Adults like to ask children what they want to be when they grow up. It's a question that slips through their lips when they're trying to gage what the child has predicted for him or herself. It's almost as if they assume that they could have a powerful influence over a child's future.
When I was in fourth grade, this question was asked to everyone in my class. One by one, each child responded with answers such as, "doctor," "engineer," and "businessman." I looked at these children and wondered whether they would actually follow these career paths. Some of the responses they were providing were mere attempts to please the adult that had questioned them. Every response made the adult smile with pride.
My friend in front of me answered "artist," and I nodded my head in agreement. I could actually see him following a creative path in the future. When it was my turn, I responded with courage, honesty and certainty: "I will be an artist and a writer."
The adult said, "What sort of career is that? You will end up nowhere." I felt uncomfortable that someone had just snapped at me in front of the whole class for being truthful about what I wanted to do.
I sank into my seat, held back my tears, and felt like my self-esteem had just dropped to sub-zero. From that point on, I knew that I was going to hear many adults questioning every single decision I made. In my heart, I knew as well that I was not going to be able to follow stereotypical paths.
My low self-esteem, inability to concentrate and steady depressed state assisted me in failing every test in school. One day, my mother became frustrated and said, "I know that you are a smart child and hate being here. But, if you want to be successful in life, then you will have to study to get out of here."
Those words changed my life, and learning eventually came easily to me because of my natural curiosity towards everything in life. Simultaneously, the Internet revolutionized my creativity as it gave me opportunities to learn photography and the art of photo-editing. By the time I was half-way through high school, the same question was posed to me by many adults.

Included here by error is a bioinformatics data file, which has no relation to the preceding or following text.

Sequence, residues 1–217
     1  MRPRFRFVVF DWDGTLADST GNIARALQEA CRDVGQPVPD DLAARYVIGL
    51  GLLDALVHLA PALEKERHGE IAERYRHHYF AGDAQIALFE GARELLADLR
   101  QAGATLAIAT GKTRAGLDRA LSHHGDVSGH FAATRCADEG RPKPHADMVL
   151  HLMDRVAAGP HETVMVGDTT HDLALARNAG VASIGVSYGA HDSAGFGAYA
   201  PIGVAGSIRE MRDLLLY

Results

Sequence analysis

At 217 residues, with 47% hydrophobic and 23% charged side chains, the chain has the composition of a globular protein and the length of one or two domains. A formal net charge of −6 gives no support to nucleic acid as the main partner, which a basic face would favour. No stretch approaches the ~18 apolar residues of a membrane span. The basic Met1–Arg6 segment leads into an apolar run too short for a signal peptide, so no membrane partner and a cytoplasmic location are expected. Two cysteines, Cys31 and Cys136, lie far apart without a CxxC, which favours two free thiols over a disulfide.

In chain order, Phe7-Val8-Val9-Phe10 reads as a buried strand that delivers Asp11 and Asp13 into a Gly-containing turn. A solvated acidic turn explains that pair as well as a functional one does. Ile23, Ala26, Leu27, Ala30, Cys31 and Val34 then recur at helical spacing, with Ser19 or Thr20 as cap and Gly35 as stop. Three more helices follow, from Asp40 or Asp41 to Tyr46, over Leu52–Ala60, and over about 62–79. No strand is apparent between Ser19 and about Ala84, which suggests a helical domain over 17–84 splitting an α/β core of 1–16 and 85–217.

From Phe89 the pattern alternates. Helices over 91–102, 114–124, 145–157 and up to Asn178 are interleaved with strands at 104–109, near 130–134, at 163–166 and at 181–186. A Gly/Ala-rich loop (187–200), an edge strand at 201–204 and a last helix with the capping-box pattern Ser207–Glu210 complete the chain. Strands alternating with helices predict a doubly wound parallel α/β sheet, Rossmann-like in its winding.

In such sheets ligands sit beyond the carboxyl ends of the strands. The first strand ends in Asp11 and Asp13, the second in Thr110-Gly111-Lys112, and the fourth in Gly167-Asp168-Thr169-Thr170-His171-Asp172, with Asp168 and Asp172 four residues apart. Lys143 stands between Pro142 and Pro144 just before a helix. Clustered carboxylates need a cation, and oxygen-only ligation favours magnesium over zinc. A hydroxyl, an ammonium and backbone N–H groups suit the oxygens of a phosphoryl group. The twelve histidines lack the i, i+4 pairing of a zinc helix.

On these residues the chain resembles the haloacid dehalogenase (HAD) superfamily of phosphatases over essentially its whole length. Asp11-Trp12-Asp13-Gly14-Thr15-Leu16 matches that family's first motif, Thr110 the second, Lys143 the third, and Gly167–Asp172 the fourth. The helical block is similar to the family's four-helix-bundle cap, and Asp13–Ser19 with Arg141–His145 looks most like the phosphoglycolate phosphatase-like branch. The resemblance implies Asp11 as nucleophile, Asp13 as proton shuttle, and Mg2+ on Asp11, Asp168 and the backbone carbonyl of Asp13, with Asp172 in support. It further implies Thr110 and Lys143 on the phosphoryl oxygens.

A part of me wanted to go to art school, so I decided to let an adult know this. The response I received was, "If you go to art school, then you will be like everybody else. Yes, you may not have the technical training, but you can continue learning at your own pace."
Once again, I felt frustrated as I returned to the drawing room. Then, I decided that I was going to be a psychologist. A South Asian adult responded to my decision with, "That's not what we do, pick something more serious."
Life somehow brought me back to psychology, creative writing and art, which made me realize that maybe I had to go through a series of peaks and valleys to become certain of who I was. In the process, I met people who were unconscious and chose to follow the safer route. When I tried to do so, I became very depressed and anxious, since I wanted to be like them and less like me.
When you move from the unconscious (looking outside of the Self) to the conscious (looking inside the Self), the journey can be painful, because you will be facing what Jung calls, the Shadow Self. This consists of fears, repressed ideas, impulses, false beliefs, and etc... Basically, your darker psyche comes forward. The more you question the outside world, the more you will see aspects of your Shadow Self. The more you work with (not against) and question your Shadow Self, the more conscious you become. Dark and light must co-exist in order to illuminate the authentic Self.